Lord’s; the Home of Cricket
Every cricketer has one dream; to play a game at Lord’s. Every cricket reporter has one dream; to cover a match at Lord’s. Every fan of the great game has one dream, to watch a match at Lord’s.

The revered cricket ground has been appropriately named the Home of Cricket. Apart from being the home ground for Middlesex County Cricket Club, Lord’s houses the England and Wales Cricket Board (ECB) and until 2005 was the home for the International Cricket Council (ICC). Marylebone Cricket Club (MCC) owns Lord’s and it is recognized as the guardians of the Laws of Cricket.

Although the first ever Test match to be played in England was staged at The Oval and not Lord’s, the place that Lord’s has in the cricketing world is quite unique indeed.

Lord’s is a mixture of history and modern inventions. For example, the Pavilion has stood there since 1889. It cost GBP 21,000 to be built. The Media Center, meanwhile, is a state-of-the-art facility equipped with all modern amenities. Guess how much it cost MCC – GBP 5.8 million.

The two dressing rooms in the Pavilion are separated by the Long Room and the walk to the middle from the dressing room is quite remarkable indeed with MCC members standing on either side and applauding the players. The paintings of several greats of the game as you walk along also gives you a surreal feeling. The most touching of them all is that of Sir Viv Richards.

“You walk into the dressing room and you know you in somewhere special. You go up to your chair and you find a towel on it and that towel has your name. Then obviously the food that they serve. The warmth and appreciation you get when you do well is really touching,” Angelo Mathews, who is one of the eight Sri Lankans to score a hundred at Lord’s said.

The Media Center built ahead of the 1999 World Cup is done in the image of a spaceship. While it gives a bird’s eye view of the action, Lord’s is more than a working place having all the comforts one could wish for. It’s also regularly visited by Heads of State and other prominent people when they come to the ground.

Lord’s Museum is another super attraction and a must see. The Museum contains valuable pieces from all Test playing nations and some of them are over a hundred years old. This is also where the little urn ‘The Ashes’ is kept safely. The museum also houses the Lord’s Press Conference Room.

Lord’s gift shops located around the ground are a favourite among visitors. They have a collection of souvenirs, replicas not only pertaining to the ground but of each Test playing country as well. A display also gives each country’s first game at The Home of Cricket.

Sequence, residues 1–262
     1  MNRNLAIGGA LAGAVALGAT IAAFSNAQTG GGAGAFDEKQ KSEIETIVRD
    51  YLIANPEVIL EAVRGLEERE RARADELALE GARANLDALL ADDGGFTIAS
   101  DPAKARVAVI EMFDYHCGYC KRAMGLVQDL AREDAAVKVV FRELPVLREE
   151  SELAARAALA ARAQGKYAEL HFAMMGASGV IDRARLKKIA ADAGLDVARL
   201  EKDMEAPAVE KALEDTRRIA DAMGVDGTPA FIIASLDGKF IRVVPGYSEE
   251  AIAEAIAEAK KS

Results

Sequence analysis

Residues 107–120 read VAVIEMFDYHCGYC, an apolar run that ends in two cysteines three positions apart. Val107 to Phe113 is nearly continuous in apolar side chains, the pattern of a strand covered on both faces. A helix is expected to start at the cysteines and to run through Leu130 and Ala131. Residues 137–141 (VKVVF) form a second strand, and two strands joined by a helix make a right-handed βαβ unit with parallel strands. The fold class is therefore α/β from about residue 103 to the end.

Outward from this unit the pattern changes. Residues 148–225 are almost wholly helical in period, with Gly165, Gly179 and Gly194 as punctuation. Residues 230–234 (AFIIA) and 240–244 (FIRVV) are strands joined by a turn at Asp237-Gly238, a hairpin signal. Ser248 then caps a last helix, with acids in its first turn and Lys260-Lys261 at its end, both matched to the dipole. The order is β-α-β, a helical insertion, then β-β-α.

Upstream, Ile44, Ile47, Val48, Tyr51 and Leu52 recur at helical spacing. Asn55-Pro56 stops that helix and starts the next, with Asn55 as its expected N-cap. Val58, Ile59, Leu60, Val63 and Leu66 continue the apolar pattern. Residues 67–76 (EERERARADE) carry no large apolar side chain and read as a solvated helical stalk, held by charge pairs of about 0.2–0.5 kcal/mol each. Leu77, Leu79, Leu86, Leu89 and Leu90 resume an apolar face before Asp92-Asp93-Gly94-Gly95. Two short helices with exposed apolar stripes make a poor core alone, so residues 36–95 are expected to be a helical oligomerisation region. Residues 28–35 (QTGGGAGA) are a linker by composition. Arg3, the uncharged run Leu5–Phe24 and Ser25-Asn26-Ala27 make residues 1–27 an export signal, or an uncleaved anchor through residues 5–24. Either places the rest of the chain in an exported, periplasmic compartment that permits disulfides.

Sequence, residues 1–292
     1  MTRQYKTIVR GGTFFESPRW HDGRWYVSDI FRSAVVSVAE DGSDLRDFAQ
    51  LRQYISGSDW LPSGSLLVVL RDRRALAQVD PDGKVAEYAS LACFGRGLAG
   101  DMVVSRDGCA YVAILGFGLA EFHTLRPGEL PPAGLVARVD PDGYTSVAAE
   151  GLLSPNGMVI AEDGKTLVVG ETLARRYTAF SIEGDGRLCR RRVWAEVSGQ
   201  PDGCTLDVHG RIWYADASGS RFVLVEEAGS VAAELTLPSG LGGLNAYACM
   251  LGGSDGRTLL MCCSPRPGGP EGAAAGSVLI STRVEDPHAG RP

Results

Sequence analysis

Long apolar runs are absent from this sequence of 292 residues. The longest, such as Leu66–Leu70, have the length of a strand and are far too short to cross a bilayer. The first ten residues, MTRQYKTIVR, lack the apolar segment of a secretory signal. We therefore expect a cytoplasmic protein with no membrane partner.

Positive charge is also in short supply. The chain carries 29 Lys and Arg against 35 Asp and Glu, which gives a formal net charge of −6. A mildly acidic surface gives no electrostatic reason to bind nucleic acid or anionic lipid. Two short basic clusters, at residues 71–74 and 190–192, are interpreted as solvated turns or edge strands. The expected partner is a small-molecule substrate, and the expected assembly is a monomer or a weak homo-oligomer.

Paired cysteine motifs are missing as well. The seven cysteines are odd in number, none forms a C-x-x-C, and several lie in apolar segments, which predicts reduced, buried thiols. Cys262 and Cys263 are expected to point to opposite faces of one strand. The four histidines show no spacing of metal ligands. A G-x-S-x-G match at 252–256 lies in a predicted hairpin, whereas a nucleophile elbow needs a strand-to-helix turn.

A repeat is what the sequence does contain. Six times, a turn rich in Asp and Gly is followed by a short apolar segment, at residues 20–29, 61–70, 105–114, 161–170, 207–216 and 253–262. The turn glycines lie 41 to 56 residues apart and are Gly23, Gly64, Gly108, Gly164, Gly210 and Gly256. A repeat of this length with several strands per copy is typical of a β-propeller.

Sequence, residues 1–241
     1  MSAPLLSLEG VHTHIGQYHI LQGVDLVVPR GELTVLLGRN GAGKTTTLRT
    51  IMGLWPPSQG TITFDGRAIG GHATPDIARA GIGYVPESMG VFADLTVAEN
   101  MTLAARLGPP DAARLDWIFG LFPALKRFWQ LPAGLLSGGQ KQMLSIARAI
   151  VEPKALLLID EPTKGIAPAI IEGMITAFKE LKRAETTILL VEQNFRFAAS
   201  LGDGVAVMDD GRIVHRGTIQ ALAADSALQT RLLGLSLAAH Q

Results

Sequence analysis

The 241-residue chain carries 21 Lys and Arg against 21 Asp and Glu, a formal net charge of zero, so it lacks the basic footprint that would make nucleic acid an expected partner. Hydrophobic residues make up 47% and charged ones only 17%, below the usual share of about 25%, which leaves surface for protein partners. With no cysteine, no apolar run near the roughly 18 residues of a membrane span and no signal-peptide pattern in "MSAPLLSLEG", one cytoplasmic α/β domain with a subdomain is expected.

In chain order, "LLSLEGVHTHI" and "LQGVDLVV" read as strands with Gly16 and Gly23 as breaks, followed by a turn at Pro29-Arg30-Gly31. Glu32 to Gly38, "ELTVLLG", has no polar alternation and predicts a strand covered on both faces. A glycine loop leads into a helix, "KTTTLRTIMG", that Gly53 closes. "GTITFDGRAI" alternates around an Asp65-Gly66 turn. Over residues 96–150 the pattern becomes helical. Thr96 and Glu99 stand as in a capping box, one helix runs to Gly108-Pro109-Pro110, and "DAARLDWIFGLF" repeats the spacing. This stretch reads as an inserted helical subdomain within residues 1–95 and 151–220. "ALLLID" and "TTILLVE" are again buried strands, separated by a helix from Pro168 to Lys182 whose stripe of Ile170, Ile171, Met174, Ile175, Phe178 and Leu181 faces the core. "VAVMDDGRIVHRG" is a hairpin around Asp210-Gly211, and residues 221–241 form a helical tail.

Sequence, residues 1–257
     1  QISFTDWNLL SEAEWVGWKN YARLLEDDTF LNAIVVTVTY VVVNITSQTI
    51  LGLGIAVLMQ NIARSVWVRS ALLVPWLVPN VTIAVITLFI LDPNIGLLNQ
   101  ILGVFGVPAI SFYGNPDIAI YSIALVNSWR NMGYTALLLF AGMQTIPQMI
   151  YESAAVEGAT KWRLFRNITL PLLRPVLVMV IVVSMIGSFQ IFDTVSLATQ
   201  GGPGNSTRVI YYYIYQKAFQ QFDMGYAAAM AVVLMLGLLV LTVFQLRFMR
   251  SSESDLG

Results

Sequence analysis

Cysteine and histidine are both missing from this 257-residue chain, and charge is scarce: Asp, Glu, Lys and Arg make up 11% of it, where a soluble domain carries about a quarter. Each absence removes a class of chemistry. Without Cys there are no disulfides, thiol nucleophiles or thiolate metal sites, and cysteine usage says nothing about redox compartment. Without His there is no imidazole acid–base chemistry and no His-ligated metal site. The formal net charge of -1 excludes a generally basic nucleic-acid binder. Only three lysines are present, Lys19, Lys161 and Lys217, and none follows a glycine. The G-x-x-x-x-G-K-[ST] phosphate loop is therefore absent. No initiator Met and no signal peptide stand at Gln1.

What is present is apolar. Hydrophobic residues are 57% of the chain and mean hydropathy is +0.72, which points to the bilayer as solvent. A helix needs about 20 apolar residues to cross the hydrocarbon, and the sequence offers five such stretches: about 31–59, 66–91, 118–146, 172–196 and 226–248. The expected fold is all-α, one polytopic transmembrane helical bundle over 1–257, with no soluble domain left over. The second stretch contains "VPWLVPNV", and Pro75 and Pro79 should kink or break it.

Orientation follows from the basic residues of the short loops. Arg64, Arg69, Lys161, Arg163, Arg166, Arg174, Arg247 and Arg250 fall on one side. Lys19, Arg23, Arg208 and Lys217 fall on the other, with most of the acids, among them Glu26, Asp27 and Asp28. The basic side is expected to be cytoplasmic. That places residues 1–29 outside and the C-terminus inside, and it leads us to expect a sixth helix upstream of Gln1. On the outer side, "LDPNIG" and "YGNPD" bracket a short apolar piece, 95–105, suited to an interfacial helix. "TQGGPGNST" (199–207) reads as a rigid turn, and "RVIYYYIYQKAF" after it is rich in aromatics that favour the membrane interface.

Around the ground, there are hoardings to mark the highest individual score by a batsman from each country and the best bowling figures by a player from every country that has played here.

Lord’s is also constantly moving ahead with times to fit into the requirements of the modern era and currently, it can host 30,000 fans. For a high-profile Test match like The Ashes or when India are in town, these tickets are sold out well in advance.

This capacity is set to increase further in the next few years with The Taven Stand and Allen Stand set to undergo major refurbishment. Allen Stand, dating back to the 1930s, is expected to be completely demolished and a new building is expected to come up.

Both stands are close to Grace Gate and for those who enter via this gate, the Lord’s experience is set to get even better.

A Lord’s tour that costs GBP 30 Pounds is quite popular and many travel sites recommend it for tourists who come to London. MCC earns a fortune through these tours and they are very conscious about uplifting cricket all over the world and these funds are utilized for that cause.

Easy access to Lord’s via public transport although the ground is in the heart of Central London is one more reason for its huge popularity among tourists.

Among the many factors that make people marvel Lord’s is its slope. The drop from the north end of the iconic venue to the south end is over two meters or more than eight feet. The reason for this is that Lord’s was built close to a duck pond on a hilly part of St. John’s Wood. When Thomas Lord leased the piece of land in 1814, he would have had little idea that this is going to be the world’s most iconic sports ground.

There are 18,000 members of the MCC. If you want to join, you’ve got to be on the waiting list for 29 years.

Traditionally, Lord’s hosts two Tests a year. England play two home Test series in a year and Lord’s gets the chance to host each visiting team.

Apart from the premier Tests, Lord’s also gets an opportunity to host all big games – be it the final of The Hundred or the Vitality Blast. Lord’s has hosted a record five ICC Cricket World Cup finals.

The greatest joy for a cricketer is to get your name in the Honours Board at Lord’s, which happens when you take a five-wicket haul or score a hundred. However, many legends of the game have missed out on this milestone. Perhaps, they get overawed by the honour of playing at The Home of Cricket.

Take the case of Sunil Gavaskar, the first man to score 10,000 Test runs. He scored 34 Test hundreds but none at Lord’s despite playing five Tests there. So, he doesn’t feature in the Honours Board. And he’s got company

Brian Lara has entertained us all with his charming batsmanship but he rarely got a standing ovation at Lord’s having not made a hundred there. Sachin Tendulkar doesn’t feature in the honours board either. After five Tests at Lord’s, he has a top score of 36. Neither Mr. Ricky Ponting nor Mr. Jacques Kallis have done well at Lord’s. Leave alone a hundred, both of them do not even have a half-century there.

Lord’s has hosted a World Record 146 Test matches, the most by a single ground. It is also the world’s oldest cricket ground. A visit to The Home of Cricket is a must for every cricket fan.